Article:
In the majority of cases, a breast lesion would be non cancerous and would not be a cause for concern. However, there is always the rare possibility of a lesion and causing breast cancer. In these cases, the lesion would have to be checked out by a physician and would be deemed as cancerous if:-
1. The lesions increase in size and become painful.
2. The area around the lumps changes color and swells up profusely.
3. Discharge of pus and blood is noted from the nipple.
The importance of Proper Diagnosis
It is always considered wise to self examine breasts in addition to opting for regular mammograms to rule out any anomalies that could lead to breast cancer. Self examination would help a woman spotpossible lumps and lesions within her breasts. And even though most breast lesions are considered benign, it would be safe to get them examined thoroughly by a physician as well.
Accordingly, once a self examination reveals a possible lesion, the individual would need to opt for a professional diagnosis. The doctor would run a series of tests like ultrasounds mammograms and MRI etc. to confirm the existence of a lesion within the breast.
When the presence of a lesion is confirmed via these tests, the doctor would opt for additional tests to check whether the lesion is benign or malignant. Almost 1 out of every 4 breast lesions can turn out to be malignant. Women who have a history of breast cancer in the family are also more vulnerable to the disease. Therefore, the doctor would perform an excision biopsy or a breast biopsy to check for cancerous cells within the lesion.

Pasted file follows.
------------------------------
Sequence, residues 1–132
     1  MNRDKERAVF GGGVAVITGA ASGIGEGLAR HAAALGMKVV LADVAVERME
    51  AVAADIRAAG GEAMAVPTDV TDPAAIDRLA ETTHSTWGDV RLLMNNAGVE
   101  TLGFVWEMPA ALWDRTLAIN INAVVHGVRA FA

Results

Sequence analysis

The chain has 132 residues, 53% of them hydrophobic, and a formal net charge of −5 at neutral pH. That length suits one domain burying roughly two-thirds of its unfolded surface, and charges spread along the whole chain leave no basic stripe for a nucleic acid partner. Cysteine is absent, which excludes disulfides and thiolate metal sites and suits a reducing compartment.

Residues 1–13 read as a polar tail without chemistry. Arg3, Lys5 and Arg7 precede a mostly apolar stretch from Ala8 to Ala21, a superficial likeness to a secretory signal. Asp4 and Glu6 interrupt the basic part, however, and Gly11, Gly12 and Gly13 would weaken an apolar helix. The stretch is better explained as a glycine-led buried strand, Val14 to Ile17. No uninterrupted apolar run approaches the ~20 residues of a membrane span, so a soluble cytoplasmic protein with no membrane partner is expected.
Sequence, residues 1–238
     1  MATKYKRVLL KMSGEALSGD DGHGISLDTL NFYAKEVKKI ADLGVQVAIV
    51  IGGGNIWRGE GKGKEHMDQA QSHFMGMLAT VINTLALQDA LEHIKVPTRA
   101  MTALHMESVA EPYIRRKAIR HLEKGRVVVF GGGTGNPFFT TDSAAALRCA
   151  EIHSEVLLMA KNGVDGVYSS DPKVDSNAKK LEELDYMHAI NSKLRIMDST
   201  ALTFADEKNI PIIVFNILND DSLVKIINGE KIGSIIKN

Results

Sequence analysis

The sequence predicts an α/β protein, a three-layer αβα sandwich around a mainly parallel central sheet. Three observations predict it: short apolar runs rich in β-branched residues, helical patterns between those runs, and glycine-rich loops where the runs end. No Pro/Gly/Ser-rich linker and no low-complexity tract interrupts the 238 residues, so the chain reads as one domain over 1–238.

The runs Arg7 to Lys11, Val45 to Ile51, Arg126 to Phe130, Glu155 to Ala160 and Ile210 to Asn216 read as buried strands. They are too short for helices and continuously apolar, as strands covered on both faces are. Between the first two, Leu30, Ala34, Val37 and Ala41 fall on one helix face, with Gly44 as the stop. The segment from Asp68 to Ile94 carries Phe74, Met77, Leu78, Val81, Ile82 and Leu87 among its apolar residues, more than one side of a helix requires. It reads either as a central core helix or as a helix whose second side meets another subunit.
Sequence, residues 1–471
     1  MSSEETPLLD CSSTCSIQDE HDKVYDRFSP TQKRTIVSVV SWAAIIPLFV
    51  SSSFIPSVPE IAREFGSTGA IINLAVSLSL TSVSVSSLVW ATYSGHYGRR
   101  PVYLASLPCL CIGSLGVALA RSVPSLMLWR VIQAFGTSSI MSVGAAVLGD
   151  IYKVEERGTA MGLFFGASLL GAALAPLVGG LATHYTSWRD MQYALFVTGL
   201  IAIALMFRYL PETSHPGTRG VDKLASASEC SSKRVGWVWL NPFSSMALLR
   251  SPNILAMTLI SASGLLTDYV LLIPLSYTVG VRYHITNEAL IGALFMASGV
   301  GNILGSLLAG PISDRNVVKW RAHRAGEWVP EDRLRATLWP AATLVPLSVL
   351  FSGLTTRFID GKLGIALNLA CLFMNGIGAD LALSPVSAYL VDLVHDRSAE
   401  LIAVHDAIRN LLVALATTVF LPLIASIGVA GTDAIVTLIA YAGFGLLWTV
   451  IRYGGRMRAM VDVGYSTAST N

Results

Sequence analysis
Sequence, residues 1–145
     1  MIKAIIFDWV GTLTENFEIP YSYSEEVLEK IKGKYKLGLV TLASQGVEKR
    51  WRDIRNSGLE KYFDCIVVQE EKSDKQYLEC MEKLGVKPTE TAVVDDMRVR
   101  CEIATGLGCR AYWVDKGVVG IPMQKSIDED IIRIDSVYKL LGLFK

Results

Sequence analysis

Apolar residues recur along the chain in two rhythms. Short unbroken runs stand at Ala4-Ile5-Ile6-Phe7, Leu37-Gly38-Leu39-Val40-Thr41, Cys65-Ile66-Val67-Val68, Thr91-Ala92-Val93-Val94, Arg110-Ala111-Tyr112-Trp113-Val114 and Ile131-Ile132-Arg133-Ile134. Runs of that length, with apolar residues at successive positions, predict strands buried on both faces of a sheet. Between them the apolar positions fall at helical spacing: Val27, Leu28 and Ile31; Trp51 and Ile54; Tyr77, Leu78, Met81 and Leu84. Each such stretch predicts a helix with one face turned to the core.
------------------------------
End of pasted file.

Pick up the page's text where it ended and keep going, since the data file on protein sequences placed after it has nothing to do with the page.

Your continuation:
A lesion would be termed as malignant if it contains cancerous cells that could rapidly spread to other parts of the body. Otherwise, it would be termed as benign which means it is not cancerous and does not pose risks of spreading to other areas within the body. It is estimated that about one out of every four breast lesions are found to be malignant. Early detection of any problems will lead to a greater chance of successful treatment.
Treatment of Breast Lesions
The treatment options for breast lesions would vary depending on whether the lesion is benign or malignant. Even benign lesions can pose risks to the health of the breasts if they tend to be too large. Large breast lesions that are left untreated can possibly turn cancerous later on as well. Therefore, the best way to treat a breast lesion would be to remove it completely
In most cases, a benign breast lesion would be removed via an invasive surgery called lumpectomy that would remove the lesion and a little bit of surrounding tissue. In case the lumpectomy fails to remove the lesion completely or cannot be considered as an option altogether (this happens when the lesion is too large to be treated by lumpectomy), the doctor would opt for a mastectomy to remove the entire breast and the surrounding tissues. Mastectomy would be considered as the last option in case of benign lesions that do not pose risks of breast cancer.
In case the breast lesion turns out to be malignant, the doctor would opt for either a lumpectomy or a mastectomy followed by regular chemotherapy or radiation treatments. This would remove the cancerous lesion and prevent the cells from spreading further into the body.